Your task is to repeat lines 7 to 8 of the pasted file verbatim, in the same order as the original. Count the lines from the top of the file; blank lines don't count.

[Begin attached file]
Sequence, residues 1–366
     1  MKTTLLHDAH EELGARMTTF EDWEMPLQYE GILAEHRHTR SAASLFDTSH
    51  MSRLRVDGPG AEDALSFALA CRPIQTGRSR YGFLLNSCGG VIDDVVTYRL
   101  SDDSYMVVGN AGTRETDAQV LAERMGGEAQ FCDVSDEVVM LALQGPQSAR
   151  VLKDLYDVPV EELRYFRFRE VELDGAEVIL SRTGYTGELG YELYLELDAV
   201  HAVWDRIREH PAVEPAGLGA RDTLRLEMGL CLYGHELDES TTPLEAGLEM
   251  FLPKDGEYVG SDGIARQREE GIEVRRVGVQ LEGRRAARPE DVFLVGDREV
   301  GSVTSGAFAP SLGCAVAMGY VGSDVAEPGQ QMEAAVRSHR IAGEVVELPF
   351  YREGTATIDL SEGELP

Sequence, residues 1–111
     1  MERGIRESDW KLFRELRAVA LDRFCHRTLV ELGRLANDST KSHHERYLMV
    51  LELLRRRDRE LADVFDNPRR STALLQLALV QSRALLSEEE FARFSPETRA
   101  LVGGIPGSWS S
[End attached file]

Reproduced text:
   251  FLPKDGEYVG SDGIARQREE GIEVRRVGVQ LEGRRAARPE DVFLVGDREV
   301  GSVTSGAFAP SLGCAVAMGY VGSDVAEPGQ QMEAAVRSHR IAGEVVELPF